I've recently have the honour to work with colleagues to submit grants to run forest therapy sessions for frontline healthcare workers who have been on the frontlines of the COVID-19 pandemic. Here is a piece of how we framed the benefits of forest bathing, or shinrin-yoku for those grant applications:
Building resilience through forest therapy and mindfulness: Forest therapy is based on the Japanese practice of Shinrin-Yoku, originating in Japan in the 1980’s resulting from a rise in stress-related injuries primarily in the emerging technology industry. Forest therapy programming, as designed by the Association of Nature and Forest Therapy, is as outlined by Abookire (2020) a guided outdoor healing practice which relies on guides setting a deliberately slow pace where people are invited to experience the pleasure of nature. further identifying that the practice encourages participants to be present in their body, enjoy the sensations of being alive and through that experience derive the profound benefits from a relationship between the individual and the natural world. Payne (2018) cites the mounting evidence (a review of 31 research studies) that forest therapy, or forest bathing provides health benefits to cardiovascular, immune, neuro-endocrine, and psychological health including:
An improvement in autonomic nervous system regulation of cardiac function, and the resultant improvement in overall blood pressure;
For the cardiovascular group, the most significant findings were related to the benefits of exposure to forest environments on blood pressure and hypertension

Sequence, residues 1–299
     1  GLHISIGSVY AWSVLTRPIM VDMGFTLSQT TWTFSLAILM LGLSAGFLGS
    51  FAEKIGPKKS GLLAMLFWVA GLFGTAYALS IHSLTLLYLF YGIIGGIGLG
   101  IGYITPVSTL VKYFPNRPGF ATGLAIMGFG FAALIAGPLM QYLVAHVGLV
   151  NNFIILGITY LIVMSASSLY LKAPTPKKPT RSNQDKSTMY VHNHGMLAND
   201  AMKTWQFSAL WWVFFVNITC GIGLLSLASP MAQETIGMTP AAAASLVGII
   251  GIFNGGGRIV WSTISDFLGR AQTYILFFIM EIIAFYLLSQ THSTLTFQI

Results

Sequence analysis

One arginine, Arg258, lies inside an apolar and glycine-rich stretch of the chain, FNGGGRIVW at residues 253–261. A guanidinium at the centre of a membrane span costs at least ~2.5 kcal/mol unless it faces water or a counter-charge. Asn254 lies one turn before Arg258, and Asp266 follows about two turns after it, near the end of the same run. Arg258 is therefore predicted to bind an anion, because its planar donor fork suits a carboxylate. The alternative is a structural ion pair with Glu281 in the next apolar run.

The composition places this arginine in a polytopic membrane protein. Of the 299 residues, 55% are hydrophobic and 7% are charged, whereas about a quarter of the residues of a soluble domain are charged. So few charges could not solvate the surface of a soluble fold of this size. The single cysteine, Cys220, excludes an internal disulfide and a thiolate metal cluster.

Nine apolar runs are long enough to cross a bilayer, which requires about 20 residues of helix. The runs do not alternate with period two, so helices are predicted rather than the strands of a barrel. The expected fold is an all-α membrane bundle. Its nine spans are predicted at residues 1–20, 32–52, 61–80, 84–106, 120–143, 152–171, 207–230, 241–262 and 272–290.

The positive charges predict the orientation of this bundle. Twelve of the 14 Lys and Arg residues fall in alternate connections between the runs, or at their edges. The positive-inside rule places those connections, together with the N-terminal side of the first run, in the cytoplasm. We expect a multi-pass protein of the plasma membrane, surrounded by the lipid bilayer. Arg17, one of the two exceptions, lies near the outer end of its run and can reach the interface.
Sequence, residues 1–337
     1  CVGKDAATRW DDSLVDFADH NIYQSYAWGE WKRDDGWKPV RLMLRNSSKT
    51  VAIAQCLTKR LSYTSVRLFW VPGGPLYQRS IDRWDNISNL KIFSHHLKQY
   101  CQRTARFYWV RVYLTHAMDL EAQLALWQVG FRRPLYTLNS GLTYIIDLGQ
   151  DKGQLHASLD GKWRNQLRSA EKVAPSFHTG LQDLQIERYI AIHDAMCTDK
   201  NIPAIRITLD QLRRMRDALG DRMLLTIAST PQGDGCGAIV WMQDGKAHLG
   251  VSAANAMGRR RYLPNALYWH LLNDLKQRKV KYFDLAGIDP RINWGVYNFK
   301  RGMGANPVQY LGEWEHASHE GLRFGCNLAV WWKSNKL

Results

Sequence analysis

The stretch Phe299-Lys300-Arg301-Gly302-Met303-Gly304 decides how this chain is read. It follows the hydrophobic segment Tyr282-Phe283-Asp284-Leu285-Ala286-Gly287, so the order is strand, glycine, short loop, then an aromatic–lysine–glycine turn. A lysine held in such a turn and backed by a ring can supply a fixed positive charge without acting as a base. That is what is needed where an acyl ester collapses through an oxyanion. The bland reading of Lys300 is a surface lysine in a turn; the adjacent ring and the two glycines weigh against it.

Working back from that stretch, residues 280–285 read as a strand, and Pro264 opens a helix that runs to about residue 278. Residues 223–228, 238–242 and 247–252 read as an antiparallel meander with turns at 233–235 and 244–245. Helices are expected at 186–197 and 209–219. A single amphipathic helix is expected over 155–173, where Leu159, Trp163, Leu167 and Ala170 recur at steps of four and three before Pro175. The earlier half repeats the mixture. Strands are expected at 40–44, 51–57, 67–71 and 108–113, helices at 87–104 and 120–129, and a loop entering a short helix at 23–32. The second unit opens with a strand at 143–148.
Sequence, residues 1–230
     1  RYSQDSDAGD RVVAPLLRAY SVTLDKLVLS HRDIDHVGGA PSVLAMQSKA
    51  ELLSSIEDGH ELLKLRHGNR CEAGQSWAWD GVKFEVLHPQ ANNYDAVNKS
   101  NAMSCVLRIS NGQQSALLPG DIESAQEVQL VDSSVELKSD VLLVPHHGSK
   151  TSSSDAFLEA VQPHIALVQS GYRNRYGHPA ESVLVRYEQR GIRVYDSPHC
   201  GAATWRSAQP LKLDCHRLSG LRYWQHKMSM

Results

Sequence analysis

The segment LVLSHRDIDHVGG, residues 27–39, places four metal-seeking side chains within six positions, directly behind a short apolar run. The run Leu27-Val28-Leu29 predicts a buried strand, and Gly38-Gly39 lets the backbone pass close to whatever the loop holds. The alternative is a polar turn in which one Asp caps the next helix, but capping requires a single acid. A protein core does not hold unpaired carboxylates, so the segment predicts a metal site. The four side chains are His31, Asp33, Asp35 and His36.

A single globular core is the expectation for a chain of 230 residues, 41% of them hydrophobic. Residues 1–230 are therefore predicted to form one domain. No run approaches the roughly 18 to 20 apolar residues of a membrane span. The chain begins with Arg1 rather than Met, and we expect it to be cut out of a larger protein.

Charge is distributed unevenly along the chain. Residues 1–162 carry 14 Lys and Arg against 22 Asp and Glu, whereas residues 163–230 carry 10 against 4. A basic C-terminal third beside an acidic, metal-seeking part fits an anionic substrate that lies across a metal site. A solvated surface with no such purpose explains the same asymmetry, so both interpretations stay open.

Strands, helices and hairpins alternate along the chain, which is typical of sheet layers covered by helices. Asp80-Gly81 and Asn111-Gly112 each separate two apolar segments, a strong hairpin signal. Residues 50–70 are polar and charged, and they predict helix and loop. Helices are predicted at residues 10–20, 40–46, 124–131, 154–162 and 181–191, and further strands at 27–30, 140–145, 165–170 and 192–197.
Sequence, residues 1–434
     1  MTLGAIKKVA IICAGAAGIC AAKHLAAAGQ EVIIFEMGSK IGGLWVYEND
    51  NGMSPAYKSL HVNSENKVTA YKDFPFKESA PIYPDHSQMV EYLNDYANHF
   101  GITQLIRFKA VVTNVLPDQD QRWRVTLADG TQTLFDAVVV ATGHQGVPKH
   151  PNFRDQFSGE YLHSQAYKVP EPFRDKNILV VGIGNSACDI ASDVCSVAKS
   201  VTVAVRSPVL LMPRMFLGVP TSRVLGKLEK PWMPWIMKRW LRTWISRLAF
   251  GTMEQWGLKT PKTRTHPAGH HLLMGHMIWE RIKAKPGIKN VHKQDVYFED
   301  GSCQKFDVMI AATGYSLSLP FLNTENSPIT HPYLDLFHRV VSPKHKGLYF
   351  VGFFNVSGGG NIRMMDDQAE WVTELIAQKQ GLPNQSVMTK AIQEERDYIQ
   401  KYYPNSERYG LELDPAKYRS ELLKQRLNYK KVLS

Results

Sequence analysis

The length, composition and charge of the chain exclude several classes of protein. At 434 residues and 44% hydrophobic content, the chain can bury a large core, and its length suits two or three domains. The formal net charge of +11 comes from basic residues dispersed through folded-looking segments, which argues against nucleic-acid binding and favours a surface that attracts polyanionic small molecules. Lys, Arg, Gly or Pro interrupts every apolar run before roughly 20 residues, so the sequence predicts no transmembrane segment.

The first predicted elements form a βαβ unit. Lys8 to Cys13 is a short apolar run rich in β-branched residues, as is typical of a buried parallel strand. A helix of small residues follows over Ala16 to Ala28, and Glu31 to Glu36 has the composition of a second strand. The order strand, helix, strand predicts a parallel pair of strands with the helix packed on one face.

The immune group predominantly reported on the effect of forest bathing on inflammatory state through measures of NK and T-Cell activity......most studies reported significant improvement in all measures, resulting in an overall improvement of inflammatory state shown to be beneficial for people affected by COPD and CHF;
Early studies have also reported a potential benefit of forest bathing for pain management in patients with chronic neck pain…
The benefits of forest bathing on psycho-emotional states, the results reported significant improvement in positive affect emotional state, including improved vigor and restorativeness, and decreased depression, anxiety, and hostility. Some studies showed a correlation between the improved psycho-emotional state and improved regulation of the autonomic nervous system suggesting a psycho-physiological benefit derived from the forest environment.
Abookire, Susan, (2020). Harvard Health Blog, Harvard Health Publishing, retrieved from https://www.health.harvard.edu/blog/can-forest-therapy-enhance-health-and-well-being-2020052919948
Payne, M. D., & DELPHINUS, E. (2018). Health, Wellness, and Society.